If Mary Cook's son, John Preston, had been born in 1812, it seemed likely he was son of my Rumney man--but that analysis supposed dear John Preston (1789-1819) had been a participant in filing the marriage intention.

Wondering whether or not he had to be a participant brings us full circle to inquiring about the customs and practices of filing marriage intentions at Massachusetts in 1811.

P.S. I did think about tags for "sex" and "scandal" ...

References:

  1. Nevin O. Winter, History of Northwest Ohio (Chicago: Lewis Publishing Co., 1917) 1: 405.
  2. Isabella H. Taylor (Fort Wayne, Indiana),“Genealogy of the Ewing Family,” 22 Nov 1929, part of p. 1 (of 3), citing "... a few data from my own knowledge gained through many letters from Emily"; full manuscript referenced as “Indiana Biography Series [4]: 99-101,” supplied by Indiana State Library, Indianapolis, Indiana, correspondence of 13 Feb 2009.
  3. The latest notice of the older brother in New England is 1808, at New Hampshire (both a deed and comments about an engagement to work on the dam for Dartmouth College).
  4. Michael Hawfield, "Ewings played hardball in business, with Indians," archives of The News-Sentinel, cites April 4, 1994; transcribed version, News-Sentinel.com.
  5. Stephanie Buck for Jane Walsh to GeneJ, "Re: John Preston - Mary Cook intention, Gloucester, 1811 ...," e-mail of 28 June 2011; privately held. At least in part, the information Jane worked with about Mary Cook was recently published in a work by Mary H. Sibbalds (1926-2009).
  6. The Gloucester Archives work suggested yet another child, "Martha Perkins," b. 4 November 1810 could have been aka "Martha Preston." Birth records can not be located about either Martha or John. I work on the assumption that Martha was a Perkins, not a Preston.
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I'm descended from John b. 1812 & my grandmother always said his family was quite prominent in Gloucester, Mass. I, too, have found nothing regarding his birth or family to date. –  user756 Apr 26 '13 at 22:59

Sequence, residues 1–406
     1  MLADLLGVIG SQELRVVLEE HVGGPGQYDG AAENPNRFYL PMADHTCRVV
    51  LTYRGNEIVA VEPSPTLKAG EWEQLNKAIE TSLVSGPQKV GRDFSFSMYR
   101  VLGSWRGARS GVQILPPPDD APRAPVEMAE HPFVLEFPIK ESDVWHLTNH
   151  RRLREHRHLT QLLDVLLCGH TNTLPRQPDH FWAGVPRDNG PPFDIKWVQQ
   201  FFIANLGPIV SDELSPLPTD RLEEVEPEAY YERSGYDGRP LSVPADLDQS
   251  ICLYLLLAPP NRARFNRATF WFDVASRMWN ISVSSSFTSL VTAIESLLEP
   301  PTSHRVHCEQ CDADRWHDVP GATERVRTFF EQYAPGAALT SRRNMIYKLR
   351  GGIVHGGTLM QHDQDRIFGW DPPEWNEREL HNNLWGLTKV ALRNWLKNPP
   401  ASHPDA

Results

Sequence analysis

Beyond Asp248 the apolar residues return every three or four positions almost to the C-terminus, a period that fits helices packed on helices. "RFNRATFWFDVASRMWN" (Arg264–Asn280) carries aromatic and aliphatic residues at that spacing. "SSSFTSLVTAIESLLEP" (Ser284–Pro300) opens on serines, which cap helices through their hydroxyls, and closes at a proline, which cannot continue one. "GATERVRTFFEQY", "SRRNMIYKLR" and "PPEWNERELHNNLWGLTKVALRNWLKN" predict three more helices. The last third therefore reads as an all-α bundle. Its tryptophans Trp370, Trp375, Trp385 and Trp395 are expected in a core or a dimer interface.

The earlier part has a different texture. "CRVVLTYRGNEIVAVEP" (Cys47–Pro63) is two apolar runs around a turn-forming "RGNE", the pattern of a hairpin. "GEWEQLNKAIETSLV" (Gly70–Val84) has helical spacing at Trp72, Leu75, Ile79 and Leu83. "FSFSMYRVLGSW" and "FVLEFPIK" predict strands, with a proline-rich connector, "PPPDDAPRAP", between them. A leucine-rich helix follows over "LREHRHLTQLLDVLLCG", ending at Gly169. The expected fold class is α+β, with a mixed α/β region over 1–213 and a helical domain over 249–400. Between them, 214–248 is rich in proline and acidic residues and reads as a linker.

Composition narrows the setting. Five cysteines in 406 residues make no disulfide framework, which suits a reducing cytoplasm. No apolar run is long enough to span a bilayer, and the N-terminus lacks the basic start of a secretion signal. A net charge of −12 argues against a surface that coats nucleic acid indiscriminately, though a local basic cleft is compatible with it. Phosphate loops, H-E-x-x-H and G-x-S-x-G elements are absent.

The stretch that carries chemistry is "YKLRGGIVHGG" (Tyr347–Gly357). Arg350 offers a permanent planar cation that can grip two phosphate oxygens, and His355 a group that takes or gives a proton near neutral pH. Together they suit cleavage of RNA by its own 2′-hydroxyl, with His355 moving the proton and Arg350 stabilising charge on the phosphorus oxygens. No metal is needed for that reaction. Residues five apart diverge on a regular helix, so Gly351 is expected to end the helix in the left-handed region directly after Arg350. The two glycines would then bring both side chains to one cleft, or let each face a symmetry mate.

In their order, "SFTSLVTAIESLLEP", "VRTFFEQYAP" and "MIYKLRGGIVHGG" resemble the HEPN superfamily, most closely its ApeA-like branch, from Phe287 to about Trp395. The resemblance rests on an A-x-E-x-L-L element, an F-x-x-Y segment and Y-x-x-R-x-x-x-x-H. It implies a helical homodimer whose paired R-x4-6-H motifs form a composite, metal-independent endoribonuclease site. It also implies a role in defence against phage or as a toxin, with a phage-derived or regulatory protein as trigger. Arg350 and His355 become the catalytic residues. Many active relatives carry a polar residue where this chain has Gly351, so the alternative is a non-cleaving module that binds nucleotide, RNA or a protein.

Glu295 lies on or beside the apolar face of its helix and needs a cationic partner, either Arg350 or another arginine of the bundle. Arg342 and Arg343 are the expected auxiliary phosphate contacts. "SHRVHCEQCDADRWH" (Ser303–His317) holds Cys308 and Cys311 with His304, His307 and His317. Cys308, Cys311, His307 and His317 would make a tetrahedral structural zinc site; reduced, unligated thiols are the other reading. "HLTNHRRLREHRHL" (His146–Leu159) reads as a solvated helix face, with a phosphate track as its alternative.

Hi @PatTodd What an honor to meet a descendant of this John. It sounds like you, too, suspect he was more likely born in 1812 (rather than 1813). Hoping we connect and collaborate more about dear John. Facebook? G+? –  GeneJ Apr 27 '13 at 13:10
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1 Answer

up vote 3 down vote accepted

A notice of intent performs the same function as a bann ie it puts the communiti(es) on notice in case they want to object. See this answer

See also NEHGS's David Lambert's answer referencing pre-1850 Mass. practices.

If the bride and groom to be are from separate towns, they'd probably be published both places, but both records may not exist (or be known). The lack of a marriage record could mean that they weren't married, they were married somewhere else, or the record is lost.

You don't describe how this record "materially complicates" things. Typically each additional piece of information is a benefit to understanding the entire situation.

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Thank you. I do need to finish improving my question (put the complication in context without complicating the question itself). –  GeneJ Nov 30 '12 at 13:53
    
If you look at the original record you can see that the town clerk always left a little space so he could go back and interline an entry saying "And then they were married on <date>". In the case of your entry, that space is left blank. Based on the unevenness of the entries, I'd say it's the original book, not a copy. As far as timing goes, you don't need to ask about accepted practices. You can derive empirical evidence from the surrounding entries. –  Tom Morris Nov 30 '12 at 21:57
    
Have continued to read about the intentions. Most of the information seems to explain why there were intentions (rather than how the intentions came to be filed, especially when one party was from another state). Fornication courts seem to have been out of fashion by that time. –  GeneJ Dec 8 '12 at 15:50